In an effort to get some in-depth experience with Vuejs and as a project to replace my Hearthstone Mercenaries Helper spreadsheet, I took the time to create an initial version of a suite of tools to aid in tracking mercenary progression in Hearthstone. Because my styling (this is applicable to most of my life, btw) is terribly basic, I pulled in Tailwind CSS for a bit of color and uniformity. I also later found that I needed to bring in a state tracker, so I learned a bit about Vuex.
I built the site out a little backwards. First, I tried to think of how I could duplicate my spreadsheet, but that got quickly bypassed as I tried to make the layout closer to what the in-game details page looks like. Since I was doing it haphazardly, one feature at a time, I stumbled into a look. It's not a great look; it's serviceable.
What Do I Like?
- The data is (nearly) complete. There are some known issues with missing data, but it's all sugar coating. The core tracking and mostly-accurate display of text is complete.
- The data is succinct and avoids duplication. For example, if a "description" for an ability's tiers only has one number that changes, then the data only needs to have that integer known, instead of each tier having its own string.
- The details component is generally laid out like it is in-game. This makes it easier to update pieces and view information roughly where a player would find in the interface they are used to.
- The Equipment interacts with appropriate Abilities and stats (Attack and Health). When a user equips an item and changes the tier of abilities or equipment, the text and number values update to match.
- Selection choices persist to the browser's local storage, so interactions are retained between user sessions.
Areas of Improvement
- I should have made HSMercs Helper its own repository, Netlify build pipeline, and host it via a separate subdomain. This way, the HSMercs project wouldn't be tied to the version restrictions that Gridsome has; and I would be a little more confident pointing others to the code without them having to wade through my personal blog.
- The colors are atrocious. Tailwind CSS 3 has a much broader default color palette that I am looking forward to utilizing. I will try to better match the in-game colors with the site.
- I should have put more focus on the mini-cards and allow for manipulation of tasks and ranks there. As I have been playing that game, having to go into the details view just to up a rank or mark a task as completed has been tedious.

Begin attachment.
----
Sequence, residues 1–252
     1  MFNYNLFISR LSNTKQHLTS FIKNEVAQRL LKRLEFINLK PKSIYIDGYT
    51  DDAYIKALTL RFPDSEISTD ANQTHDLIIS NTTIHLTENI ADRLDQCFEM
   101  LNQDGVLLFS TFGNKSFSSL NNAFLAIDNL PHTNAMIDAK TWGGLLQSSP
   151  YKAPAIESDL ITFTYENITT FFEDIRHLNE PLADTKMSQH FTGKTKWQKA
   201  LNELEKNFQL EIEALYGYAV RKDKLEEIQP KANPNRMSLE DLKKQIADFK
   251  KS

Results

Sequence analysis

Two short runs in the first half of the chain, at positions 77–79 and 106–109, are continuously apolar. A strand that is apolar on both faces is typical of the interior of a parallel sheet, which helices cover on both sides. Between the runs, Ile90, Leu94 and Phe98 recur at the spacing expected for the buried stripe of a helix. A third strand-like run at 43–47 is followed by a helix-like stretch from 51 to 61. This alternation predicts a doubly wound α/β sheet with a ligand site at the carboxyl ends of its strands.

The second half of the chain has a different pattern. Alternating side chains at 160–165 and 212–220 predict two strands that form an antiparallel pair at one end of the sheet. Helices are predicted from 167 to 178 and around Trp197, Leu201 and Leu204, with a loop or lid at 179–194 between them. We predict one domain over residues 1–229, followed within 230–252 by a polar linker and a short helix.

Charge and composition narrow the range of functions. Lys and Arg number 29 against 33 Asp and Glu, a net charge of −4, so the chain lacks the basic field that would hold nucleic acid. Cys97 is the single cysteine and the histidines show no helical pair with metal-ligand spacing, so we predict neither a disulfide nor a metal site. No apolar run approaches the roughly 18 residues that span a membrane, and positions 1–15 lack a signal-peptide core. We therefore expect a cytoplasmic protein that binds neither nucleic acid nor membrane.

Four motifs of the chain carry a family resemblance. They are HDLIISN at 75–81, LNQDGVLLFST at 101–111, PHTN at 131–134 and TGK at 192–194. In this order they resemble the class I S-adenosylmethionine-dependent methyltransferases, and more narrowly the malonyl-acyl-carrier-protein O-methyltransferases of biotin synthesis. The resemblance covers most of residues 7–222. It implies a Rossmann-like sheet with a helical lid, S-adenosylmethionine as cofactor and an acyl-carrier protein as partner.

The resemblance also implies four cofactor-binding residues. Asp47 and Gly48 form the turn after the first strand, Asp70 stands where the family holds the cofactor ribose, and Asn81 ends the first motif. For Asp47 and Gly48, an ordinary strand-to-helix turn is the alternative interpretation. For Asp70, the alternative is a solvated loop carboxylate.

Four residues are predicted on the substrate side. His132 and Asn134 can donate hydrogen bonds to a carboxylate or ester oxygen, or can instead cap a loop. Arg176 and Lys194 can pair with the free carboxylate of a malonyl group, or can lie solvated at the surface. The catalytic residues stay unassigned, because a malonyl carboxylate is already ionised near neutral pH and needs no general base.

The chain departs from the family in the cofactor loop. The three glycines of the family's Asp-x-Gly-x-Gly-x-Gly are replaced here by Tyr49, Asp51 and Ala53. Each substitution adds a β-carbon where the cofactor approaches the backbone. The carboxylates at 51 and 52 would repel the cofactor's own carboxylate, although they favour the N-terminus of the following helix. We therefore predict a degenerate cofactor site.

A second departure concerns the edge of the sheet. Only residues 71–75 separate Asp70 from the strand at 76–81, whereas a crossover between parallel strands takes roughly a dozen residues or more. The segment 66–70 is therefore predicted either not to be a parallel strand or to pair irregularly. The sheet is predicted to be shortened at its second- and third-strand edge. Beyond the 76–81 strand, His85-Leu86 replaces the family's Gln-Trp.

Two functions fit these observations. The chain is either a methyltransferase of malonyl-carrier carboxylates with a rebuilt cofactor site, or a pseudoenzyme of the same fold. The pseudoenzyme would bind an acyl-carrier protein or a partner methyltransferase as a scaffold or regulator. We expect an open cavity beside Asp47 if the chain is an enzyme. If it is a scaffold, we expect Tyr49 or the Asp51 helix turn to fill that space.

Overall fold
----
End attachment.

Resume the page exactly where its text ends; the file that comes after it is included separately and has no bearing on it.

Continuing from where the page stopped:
- Implement sorting and filtering. To start, adding a Group-By-Role and then order alphabetically.
There are three other useful features in my spreadsheet that I would like to add to this site:
- Highlight mercenaries that are close to getting another item. When a mercenary's next task is either Task 2 or Task 7, highlight that mercenary. This is what initially got me to create the spreadsheet, because when I was presented with the Mysterious Stranger, I couldn't remember which Mercs were already passed Level 7, which were close, and where where in some limbo between unlocking the third item.
- "Bounty Rewards" that lists all of the weighted reward possibilities. It fades the bounties where one or more of the mercenaries are fully upgraded and highlights bounties for mercenaries missing my collection. Additionally, I can select multiple mercenaries that I want to focus on their coin collection.
- Highlight synergies - finding a good UX experience to highlight other mercenaries that can trigger synergies like combos (i.e. "Fire combo:"), race dependencies (i.e. "if you control another Demon"), and enemy state (i.e. "if it's frozen").
- Some light user accounts might be nice, to allow for persistence of collections beyond a single machine. I might use the Battle.net OAuth. As a stretch goal, I might also use the GitHub OAuth
First thing's first - and that's to do what I should have done from the beginning: create a new repository for this project. Once the rebuild is at feature parity, the new home will be https://hsmercs.rovani.net. I'll set up redirects once that process is complete.
Second step is to do a better job breaking down the user interface into components, instead of dumping everything into a few components and only extracting them when I stepped back and thought "whoa, that's too big". I am also undecided about how to reconcile my desire to have data models ("everything is a class!") with Vue handling data manipulation right in the SFC.
As I build Hearthstone Mercenaries Helper v0.2, I'll be writing step-by-step tutorials as a way to also teach someone else how to build in Vue. Then, and this is a huge stretch goal, I'll do it all over again in React.